Thanks again to all those who participated and helped make the courses possible. Please join us at The Eastern Snow and Avalanche Workshop next year for a full multimedia recap made possible by Cait Bourgault and board member, Joe Klementovich. Ski safe!  

Words by: Blake Keogh (WMAEF Board of Director and Youth Avalanche Awareness Instructor)

Grants available

The grant process and information on what we expect from a grant request is now live. Check the main menu above to get to the full page.

Grants

Grants from the WMAEF help defray expenses for education, educational supplies & equipment, and training. Our ideal request is from an organization that is providing educational opportunities to high school and university aged groups. We will entertain requests from individuals but the justification must be inline with our mission goals to support education and awareness programs, snow science curriculum and research, not individual certifications. Our goal is to provide support and funding to the Northeast.

Hey we are on Instagram

We’ll keep posting photos of our progress over on Instagram @avalanchefoundation so head over a follow along and see a little of what’s going on behind the scenes, at meetings and out in the mountains!

Thanks,

Joe. Beth, Frank, Blake and Chris

Board of Directors

Frank Carus - USFS Director of Mount Washington Avalanche Center

Frank came to the avalanche center after an adventurous and diverse early career supporting his climbing and skiing obsessions by guiding, building things and picking up whatever job would fund another mission (or feed his two kids!)

Frank put his degree in Geography to use guiding climbs and ski mountaineering trips, or taking personal trips to the Alps, Andes, Patagonia and the western States and has worked for most every guide service in the Mount Washington Valley in the process. A summer in the Tetons guiding for Exum Guides broke up the monotony. He has an obvious passion for learning and has taken the AMGA Alpine, Ski and Ski Mountaineering guide courses in addition to being a certified Rock Instructor since 1996. Working vacations take him west to teach technical rope rescue to US Marine climbing instructors through Peak Rescue Institute. Frank is an Advanced EMT and has had AIARE and AAI Avalanche course 1, 2 and 3 training. He also enjoys Striped bass fishing from paddleboards, watching the Patriots dominate the NFL, and taking his avalanche dog, Lily, on long mountain patrols.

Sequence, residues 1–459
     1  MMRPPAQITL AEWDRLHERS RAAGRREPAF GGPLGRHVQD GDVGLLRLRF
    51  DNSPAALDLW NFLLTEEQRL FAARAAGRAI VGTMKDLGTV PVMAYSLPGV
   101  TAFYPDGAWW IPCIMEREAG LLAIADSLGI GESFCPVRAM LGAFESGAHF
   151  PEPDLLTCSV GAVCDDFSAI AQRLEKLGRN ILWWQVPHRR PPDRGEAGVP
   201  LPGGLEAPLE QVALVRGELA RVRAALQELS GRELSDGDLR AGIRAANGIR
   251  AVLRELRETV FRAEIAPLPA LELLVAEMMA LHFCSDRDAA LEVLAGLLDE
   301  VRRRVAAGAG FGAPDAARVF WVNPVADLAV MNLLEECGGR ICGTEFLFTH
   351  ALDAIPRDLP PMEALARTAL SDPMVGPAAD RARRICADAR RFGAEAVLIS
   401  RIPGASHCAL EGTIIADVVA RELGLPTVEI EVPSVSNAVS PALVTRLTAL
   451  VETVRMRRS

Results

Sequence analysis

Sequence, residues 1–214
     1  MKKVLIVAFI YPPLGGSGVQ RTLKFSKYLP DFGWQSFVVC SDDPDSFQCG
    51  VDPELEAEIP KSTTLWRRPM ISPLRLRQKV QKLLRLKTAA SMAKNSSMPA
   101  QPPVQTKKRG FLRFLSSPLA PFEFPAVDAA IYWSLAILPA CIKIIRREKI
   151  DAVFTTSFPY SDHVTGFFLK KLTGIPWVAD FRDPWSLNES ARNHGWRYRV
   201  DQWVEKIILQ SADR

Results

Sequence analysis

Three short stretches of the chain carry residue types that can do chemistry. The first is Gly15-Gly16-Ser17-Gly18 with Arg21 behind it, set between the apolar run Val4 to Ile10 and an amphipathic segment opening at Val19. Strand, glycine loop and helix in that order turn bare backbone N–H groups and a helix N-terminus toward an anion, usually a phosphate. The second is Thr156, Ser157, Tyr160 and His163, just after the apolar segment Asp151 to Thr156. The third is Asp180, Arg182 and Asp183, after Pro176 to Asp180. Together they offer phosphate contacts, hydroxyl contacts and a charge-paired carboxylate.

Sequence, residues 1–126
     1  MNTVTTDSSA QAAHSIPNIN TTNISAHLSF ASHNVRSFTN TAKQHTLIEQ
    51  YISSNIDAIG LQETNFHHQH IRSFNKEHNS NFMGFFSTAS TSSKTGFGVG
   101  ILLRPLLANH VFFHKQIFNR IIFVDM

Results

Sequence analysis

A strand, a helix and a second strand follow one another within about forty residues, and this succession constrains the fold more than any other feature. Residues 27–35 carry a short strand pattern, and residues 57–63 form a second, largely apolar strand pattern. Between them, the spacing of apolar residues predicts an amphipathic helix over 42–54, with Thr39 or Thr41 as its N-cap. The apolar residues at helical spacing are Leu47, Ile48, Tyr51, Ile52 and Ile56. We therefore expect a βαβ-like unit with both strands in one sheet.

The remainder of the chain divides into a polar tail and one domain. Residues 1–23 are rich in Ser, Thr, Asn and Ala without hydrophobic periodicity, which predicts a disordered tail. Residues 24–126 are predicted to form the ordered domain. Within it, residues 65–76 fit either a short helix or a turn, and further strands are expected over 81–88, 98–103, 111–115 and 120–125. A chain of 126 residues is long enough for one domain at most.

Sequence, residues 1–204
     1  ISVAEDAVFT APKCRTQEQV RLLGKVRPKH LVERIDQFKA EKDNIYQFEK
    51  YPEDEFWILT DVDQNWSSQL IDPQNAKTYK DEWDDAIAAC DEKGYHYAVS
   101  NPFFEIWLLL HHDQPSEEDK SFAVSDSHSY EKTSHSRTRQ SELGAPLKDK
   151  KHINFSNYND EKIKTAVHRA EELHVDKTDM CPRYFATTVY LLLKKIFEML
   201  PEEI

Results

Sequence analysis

Beth Swartz - Local Educator & Skier

Beth Swartz is a local educator and snow enthusiast.  She is currently a Spanish teacher at Kennett Middle School in Conway, where she also coaches field hockey.  She previously taught in Massachusetts before coming to her senses and moving north.  Her education background includes a BA from Colby College, MAT from Simmons College and MSEd from the University of New England.  Beth also runs the ski and snowboard club at KMS in an effort to get kids outside and on the snow.

In the time between her teaching stints, Beth served as an Appalachian Mountain Club Hermit Lake Caretaker. She spent most of 2013- early 2015 calling Hermit Lake and Tuckerman Ravine her home and shredding nearly every ski line in the eastern ravines of Mt. Washington.  When she wasn’t out skiing, she could often be found getting field time with the snow rangers as they made observations and performed stability tests. In addition to her vast knowledge of the backcountry of the White Mountains, her backcountry education and resume includes AIARE Level 2 Certification, EMT, Wilderness First Responder, and Leave No Trace Master Educator. While she no longer lives on Mt. Washington, she is still a resident of the Mt. Washington Valley and continues to ski every chance she gets, which includes skinning up something most days after school in the winter.  Beth is really looking forward to combining her passions for education and snow science through developing curriculum with the WMAEF for local schools to use.

Blake Keogh - Outdoor Experience Coordinator

Blake Keogh is the Outdoor Experience Coordinator and a psychology teacher at the Waynflete School in Portland, ME. Additionally, he is an AIARE instructor and ski guide during the winter months.Blake is also one of the newest MWAEF board members. Over the past two years Blake finished his AIARE Level 2 and 3 courses, as well as ITC1 training. During that time, Blake also earned his MA from Prescott College after successfully completing a graduate thesis that examined preemptive decision-making among backcountry skiers. In his free time Blake continues to pursue his own ski mountaineering goals in New England and throughout the West, with a particular fondness for the PNW.”

Joe Klementovich - Photographer

Chris Joosen - USFS Safety Officer